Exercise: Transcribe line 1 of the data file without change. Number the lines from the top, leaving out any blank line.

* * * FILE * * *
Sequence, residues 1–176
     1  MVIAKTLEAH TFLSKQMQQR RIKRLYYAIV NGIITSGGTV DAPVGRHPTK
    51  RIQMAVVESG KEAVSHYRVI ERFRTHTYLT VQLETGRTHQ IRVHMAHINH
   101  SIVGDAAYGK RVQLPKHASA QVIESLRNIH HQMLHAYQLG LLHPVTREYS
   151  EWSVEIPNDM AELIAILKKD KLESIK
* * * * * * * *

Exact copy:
Sequence, residues 1–176